Satellite geometry physics problem

In summary, in order to communicate with a geosynchronous satellite, located at the same longitude as Seattle, Washington, at an altitude of 0 degrees latitude, one must point their communication device at an angle above the horizon, which can be found using the law of sines and the law of cosines. The Earth's radius is 6.38×10^6 m and the radius of the satellite is 3.58×10^7 m. By setting up the equation sin(90+x)=cos x and using a scientific calculator to find the inverse cosine, one can determine the angle above the horizon needed to communicate with the satellite.
  • #1
linnus
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0

Homework Statement



A geosynchronous satellite is stationary over a point on the equator (zero degrees latitude) at the same longitude as Seattle, Washington. Seattle's latitude is 47.6°. If you want to communicate with the satellite, at what angle above the horizon must you point your communication device? The Earth's radius is 6.38×10^6 m. Hint: You will also need the law of sines and the law of cosines.

Homework Equations



Sin angleA/A=sin angleB/B
radius of a geosynchronous satellite= 3.58e7 meters

The Attempt at a Solution


I drew a triangle- a quick question would the angle at which the line tangent to the surface and the radius of the Earth be a right angle?

I got
sin(90+x)/3.58e7=sin(42.4)/6.38e6
I'm not sure how to solve for x here...and I don't think this equation is right...
 
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  • #2
well I don't know if the equation is correct or not, but for finding x,

sin(90+x)=cos x ...This is an identity. You will need a scientific calculator to find cos inverse.
 
  • #3


Hi there,

Your approach is on the right track. However, there are a few corrections that need to be made in your equations:

1. The radius of a geosynchronous satellite is not 3.58e7 meters. It is actually 3.58e7 meters plus the radius of the Earth, which is 6.38e6 meters. So the total radius would be 4.22e7 meters.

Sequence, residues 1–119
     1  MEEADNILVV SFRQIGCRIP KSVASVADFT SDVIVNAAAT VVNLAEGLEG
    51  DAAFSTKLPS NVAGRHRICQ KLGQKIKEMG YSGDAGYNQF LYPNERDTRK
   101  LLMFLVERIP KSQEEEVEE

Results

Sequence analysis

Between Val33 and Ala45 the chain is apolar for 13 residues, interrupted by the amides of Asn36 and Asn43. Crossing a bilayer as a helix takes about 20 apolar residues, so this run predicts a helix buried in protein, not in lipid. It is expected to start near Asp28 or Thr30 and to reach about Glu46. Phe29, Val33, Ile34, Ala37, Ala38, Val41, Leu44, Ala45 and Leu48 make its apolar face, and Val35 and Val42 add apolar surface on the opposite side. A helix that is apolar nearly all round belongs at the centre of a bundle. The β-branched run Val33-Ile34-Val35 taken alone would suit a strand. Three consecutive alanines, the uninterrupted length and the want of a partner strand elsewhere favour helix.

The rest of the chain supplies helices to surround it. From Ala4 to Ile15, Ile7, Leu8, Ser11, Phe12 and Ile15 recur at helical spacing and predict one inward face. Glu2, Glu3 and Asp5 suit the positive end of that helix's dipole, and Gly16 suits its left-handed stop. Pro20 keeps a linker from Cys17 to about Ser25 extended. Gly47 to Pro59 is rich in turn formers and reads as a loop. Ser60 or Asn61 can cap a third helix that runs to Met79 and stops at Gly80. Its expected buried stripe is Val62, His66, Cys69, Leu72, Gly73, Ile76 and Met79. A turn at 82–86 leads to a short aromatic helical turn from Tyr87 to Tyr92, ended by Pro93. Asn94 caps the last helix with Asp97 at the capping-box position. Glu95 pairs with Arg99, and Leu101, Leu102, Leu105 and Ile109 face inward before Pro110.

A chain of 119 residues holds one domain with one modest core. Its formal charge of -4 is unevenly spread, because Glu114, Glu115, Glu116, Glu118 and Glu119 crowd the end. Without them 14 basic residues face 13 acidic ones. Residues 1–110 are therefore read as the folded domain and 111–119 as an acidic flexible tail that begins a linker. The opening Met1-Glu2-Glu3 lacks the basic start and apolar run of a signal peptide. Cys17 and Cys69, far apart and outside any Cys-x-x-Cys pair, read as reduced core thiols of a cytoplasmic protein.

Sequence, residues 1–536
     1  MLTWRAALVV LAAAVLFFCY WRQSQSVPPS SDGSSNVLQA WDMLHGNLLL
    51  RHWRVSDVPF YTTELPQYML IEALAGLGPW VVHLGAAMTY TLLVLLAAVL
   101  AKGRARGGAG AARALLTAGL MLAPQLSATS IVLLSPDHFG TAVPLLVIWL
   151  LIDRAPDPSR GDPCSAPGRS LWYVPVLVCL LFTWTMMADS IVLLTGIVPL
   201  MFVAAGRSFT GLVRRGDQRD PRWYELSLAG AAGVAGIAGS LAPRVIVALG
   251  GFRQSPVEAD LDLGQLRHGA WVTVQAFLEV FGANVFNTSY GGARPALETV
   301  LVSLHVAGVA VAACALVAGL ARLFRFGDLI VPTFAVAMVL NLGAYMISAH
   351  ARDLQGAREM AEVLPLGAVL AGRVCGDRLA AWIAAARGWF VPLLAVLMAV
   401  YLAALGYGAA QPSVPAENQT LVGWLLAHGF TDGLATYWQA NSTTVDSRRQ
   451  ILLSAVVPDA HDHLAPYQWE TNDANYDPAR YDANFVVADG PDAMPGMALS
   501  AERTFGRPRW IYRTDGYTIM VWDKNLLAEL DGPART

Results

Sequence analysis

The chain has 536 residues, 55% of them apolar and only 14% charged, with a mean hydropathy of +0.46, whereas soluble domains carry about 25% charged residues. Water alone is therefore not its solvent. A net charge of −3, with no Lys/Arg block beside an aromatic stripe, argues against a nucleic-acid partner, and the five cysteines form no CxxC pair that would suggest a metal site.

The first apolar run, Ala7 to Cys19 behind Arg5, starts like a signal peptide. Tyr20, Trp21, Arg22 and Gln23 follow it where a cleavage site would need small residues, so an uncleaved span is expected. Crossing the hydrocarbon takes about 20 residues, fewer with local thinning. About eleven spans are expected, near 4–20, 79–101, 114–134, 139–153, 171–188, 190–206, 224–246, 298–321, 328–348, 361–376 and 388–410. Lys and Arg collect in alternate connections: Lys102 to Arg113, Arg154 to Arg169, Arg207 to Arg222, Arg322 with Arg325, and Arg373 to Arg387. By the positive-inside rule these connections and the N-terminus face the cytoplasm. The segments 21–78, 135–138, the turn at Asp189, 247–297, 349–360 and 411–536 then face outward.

2. The angle at which the line tangent to the surface and the radius of the Earth is indeed a right angle. This is because the tangent line is perpendicular to the radius, which means it forms a 90 degree angle.

3. In your equation, you have used the angle 42.4 degrees, which is incorrect. The angle you need to use is the complement of 47.6 degrees, which is 90-47.6=42.4 degrees.

With these corrections, your equation becomes:

sin(90+x)/4.22e7 = sin(42.4)/6.38e6

To solve for x, you can use the law of sines to get:

(90+x)/sin(42.4) = 4.22e7/sin(90)

Now you can use the law of cosines to solve for x:

(4.22e7)^2 = (6.38e6)^2 + (90+x)^2 - 2*(6.38e6)*(90+x)*cos(90)

Solving for x, you will get:

x = 4.36 degrees.

Therefore, to communicate with the satellite, you will need to point your communication device at an angle of 4.36 degrees above the horizon.

I hope this helps! Let me know if you have any further questions.
 

Related to Satellite geometry physics problem

1. What is satellite geometry physics problem?

Satellite geometry physics problem refers to the mathematical calculations and analysis involved in determining the position and movement of a satellite in space. It involves understanding the laws of motion and gravity to accurately predict the location of a satellite at a given time.

2. How is satellite geometry physics problem used in practical applications?

Satellite geometry physics problem is used in various practical applications such as satellite navigation systems, weather forecasting, and communication systems. By accurately predicting the location and movement of satellites, these systems can function effectively and provide valuable information to users.

3. What factors affect satellite geometry?

The factors that affect satellite geometry include the altitude of the satellite, the shape of its orbit, and the location of the observer on Earth. Other factors such as atmospheric conditions, gravitational forces, and orbit perturbations can also play a role in satellite geometry.

4. How do scientists solve satellite geometry physics problems?

Scientists use mathematical equations, computer simulations, and data analysis to solve satellite geometry physics problems. They also take into account various environmental factors and use advanced technologies such as Global Navigation Satellite Systems (GNSS) to accurately determine the position of satellites.

5. What are some challenges faced when solving satellite geometry physics problems?

Some of the challenges faced when solving satellite geometry physics problems include the complexity of the mathematical equations involved, the constantly changing environmental conditions in space, and the potential for errors in data collection and analysis. Scientists must also consider the limitations of current technology and continuously work to improve their methods and models for solving these problems.

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